(RxWiki News) Advertising for cigarettes and other tobacco products has been banned in mass media. Yet e-cigarettes are often advertised on traditional media platforms like print, television and radio.
Researchers recently found that e-cigarettes also are being heavily marketed on Twitter.
According to these researchers, the marketing of e-cigarettes through social media could entice some non-smokers to start smoking.
"Seek medical help for tobacco addiction."
E-cigarettes are regularly being advertised on social media sites, such as Twitter, according to a new study by researchers at the University of Illinois at Chicago.
In a press statement, Jidong Huang, PhD, senior research scientist at UIC’s Institute for Health Research and Policy and lead study author, said that “there’s this whole wild west of social media platforms — Facebook, Twitter and Instagram — and the FDA has no way to track what’s happening in those platforms.”
Dr. Huang and his team collected tweets (140 character text messages) and metadata (data that describes and gives information about other data) related to e-cigarettes during a two-month study period in 2012 from the social media site Twitter.
Since its launch in 2006, Twitter has gained in popularity, with over 200 million active monthly users producing more than 500 million tweets and 2.1 billion Twitter search engine inquiries daily.
The researchers collected more than 70,000 tweets linked to e-cigarettes by using statistical data and keyword searches.
Among the 70,000 tweets reviewed, nearly 90 percent were commercial (business-based) tweets, and the other 10 percent were organic (individual consumer) tweets. A total of 94 percent of the commercial tweets regarding e-cigarettes included website links to purchase products, while only 11 percent of the organic tweets had such links.
Additionally, 11 percent of the commercial tweets mentioned smoking cessation, while more than one third were offers for discounts and coupons to purchase e-cigarette products.
“Although only 11 percent of commercial tweets referenced smoking cessation, the absolute number is significant," Dr. Huang said, "if considered over longer timeframes than the two months of the study.”
However, at this time, there is only limited study data related to e-cigarettes' long-term health impact, usefulness in smoking cessation, or role as a pathway to other tobacco product use.
"We know very little about what these products are made of and what kind of chemicals are in the e-juice," Dr. Huang said.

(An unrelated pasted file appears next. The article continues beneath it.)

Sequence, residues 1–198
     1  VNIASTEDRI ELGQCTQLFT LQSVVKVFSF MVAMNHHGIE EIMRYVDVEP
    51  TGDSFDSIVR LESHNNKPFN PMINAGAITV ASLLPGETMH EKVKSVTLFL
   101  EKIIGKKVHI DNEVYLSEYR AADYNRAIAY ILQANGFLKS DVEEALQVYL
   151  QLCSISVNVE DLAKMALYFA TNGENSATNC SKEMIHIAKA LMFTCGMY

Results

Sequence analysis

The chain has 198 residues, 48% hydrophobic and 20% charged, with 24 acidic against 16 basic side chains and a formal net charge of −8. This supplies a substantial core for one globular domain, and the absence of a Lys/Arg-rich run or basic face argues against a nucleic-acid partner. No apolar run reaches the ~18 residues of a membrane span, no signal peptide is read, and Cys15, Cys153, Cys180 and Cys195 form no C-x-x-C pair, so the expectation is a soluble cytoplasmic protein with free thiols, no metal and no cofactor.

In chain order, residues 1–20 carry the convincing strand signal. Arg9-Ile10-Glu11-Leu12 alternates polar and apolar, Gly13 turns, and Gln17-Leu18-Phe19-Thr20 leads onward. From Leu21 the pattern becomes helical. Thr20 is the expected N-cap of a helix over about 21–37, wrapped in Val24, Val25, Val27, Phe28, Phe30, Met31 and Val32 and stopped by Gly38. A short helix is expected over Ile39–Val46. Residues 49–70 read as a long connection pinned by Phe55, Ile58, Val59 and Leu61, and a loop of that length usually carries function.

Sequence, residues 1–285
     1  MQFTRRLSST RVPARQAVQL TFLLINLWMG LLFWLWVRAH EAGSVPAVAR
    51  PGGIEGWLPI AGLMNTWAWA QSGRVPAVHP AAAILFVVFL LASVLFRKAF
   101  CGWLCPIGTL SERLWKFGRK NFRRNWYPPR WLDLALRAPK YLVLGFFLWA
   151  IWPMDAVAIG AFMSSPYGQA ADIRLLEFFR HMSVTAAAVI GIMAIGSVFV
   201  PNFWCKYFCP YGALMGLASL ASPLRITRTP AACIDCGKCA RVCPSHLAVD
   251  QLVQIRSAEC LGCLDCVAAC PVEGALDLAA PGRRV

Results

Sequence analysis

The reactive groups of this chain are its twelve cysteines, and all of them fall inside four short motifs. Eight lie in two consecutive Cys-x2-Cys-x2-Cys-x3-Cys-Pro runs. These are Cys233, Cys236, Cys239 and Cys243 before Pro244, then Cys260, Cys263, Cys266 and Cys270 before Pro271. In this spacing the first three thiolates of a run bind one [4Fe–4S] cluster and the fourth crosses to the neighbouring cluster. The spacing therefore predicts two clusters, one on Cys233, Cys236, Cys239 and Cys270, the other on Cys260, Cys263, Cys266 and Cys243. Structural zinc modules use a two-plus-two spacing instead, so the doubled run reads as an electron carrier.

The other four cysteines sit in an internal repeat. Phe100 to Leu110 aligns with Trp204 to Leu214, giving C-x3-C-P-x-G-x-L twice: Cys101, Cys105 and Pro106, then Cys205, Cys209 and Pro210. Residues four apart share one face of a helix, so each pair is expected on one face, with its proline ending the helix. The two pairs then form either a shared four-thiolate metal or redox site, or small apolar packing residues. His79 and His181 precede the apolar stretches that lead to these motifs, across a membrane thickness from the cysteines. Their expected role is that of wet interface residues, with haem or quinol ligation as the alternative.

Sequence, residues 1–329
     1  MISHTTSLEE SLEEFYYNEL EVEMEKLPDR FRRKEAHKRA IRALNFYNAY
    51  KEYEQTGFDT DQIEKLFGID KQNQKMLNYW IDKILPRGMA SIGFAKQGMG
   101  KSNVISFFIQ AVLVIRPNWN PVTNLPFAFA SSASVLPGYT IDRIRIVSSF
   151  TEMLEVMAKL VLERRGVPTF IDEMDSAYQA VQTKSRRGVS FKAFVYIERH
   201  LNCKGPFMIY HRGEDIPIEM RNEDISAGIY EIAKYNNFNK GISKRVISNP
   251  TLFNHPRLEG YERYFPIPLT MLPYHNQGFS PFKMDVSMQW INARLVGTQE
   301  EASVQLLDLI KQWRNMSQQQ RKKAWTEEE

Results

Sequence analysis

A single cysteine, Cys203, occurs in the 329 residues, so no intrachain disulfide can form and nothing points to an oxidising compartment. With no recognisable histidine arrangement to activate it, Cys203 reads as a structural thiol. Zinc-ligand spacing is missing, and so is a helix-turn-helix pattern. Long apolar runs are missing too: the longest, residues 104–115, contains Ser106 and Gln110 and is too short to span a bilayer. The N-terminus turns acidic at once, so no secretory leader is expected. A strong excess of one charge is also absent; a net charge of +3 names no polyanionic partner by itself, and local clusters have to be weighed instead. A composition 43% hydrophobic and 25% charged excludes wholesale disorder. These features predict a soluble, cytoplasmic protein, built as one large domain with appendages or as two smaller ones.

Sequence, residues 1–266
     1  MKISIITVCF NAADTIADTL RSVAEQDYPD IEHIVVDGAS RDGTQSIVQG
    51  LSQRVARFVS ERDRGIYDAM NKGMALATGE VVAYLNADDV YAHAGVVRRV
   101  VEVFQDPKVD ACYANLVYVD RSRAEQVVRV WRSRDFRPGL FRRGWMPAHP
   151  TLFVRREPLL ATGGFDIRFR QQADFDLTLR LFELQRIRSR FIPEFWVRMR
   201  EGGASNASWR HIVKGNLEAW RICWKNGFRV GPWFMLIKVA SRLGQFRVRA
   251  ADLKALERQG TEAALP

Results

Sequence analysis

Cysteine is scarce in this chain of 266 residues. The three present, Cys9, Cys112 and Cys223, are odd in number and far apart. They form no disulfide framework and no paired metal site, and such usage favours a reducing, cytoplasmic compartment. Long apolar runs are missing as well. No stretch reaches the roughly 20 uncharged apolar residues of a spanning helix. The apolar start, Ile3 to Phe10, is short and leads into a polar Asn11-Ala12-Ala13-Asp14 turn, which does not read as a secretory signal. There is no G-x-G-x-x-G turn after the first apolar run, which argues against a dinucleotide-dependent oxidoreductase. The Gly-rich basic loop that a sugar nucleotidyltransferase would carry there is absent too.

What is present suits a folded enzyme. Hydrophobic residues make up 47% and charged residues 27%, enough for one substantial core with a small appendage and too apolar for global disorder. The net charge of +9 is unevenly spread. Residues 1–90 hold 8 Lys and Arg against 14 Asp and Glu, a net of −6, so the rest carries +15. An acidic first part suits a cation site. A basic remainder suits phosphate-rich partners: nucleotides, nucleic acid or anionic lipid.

“If kids or youth search for ‘vaping pen’ or ‘e-cig’ on Twitter, they will get links to commercial sites where they can purchase these items,” he said. “Unlike Facebook and some other platforms where one can set privacy controls, all information on Twitter is accessible to anyone.”
Previous research on this topic revealed a clear amount of rapid growth in both the use of and awareness of e-cigs among young adults and children in recent years. "Isolating and analyzing the impact of e-cigarette marketing on the microblogging platform Twitter is important because Twitter use is widespread and growing rapidly, particularly among young adults and minority populations," Dr. Huang and colleagues wrote.
This study did not look at the specifics of those who were exposed to the tweets, but the researchers noted that users of Twitter tend to be young, with 30 percent of users being between the ages of 18 and 29. Twitter users also tend to be members of minority groups, with 27 percent of users being African American and 28 percent being Latino, compared with only 14 percent being Caucasian.
“Given the substantial youth presence on social media, the marketing of e-cigarettes on those platforms may entice non-smokers — youth in particular — to experiment with and initiate e-cigarette use,” wrote the study’s authors. “These results have direct and important implications for future FDA regulations on e-cigarettes and related products, particularly with respect to marketing restrictions on social media.”
The researchers noted several study limitations, primarily the short timeframe in which the study was conducted. The short two-month window did not allow for the examination of trends over time. Also, the researchers excluded slang words for e-cigarettes, such as ‘vape,’ from the study, which could have changed the amount of data obtained from the organic pool.
Lastly, the researchers believe that more research is needed to better understand how social media marketing affects smokers’ and non-smokers' beliefs and attitudes about e-cigarettes, and ultimately whether it influences product usage.
This study was released online in June in Tobacco Control.
The study was funded by a grant from the National Cancer Institute. The researchers did not disclose any conflicts of interest.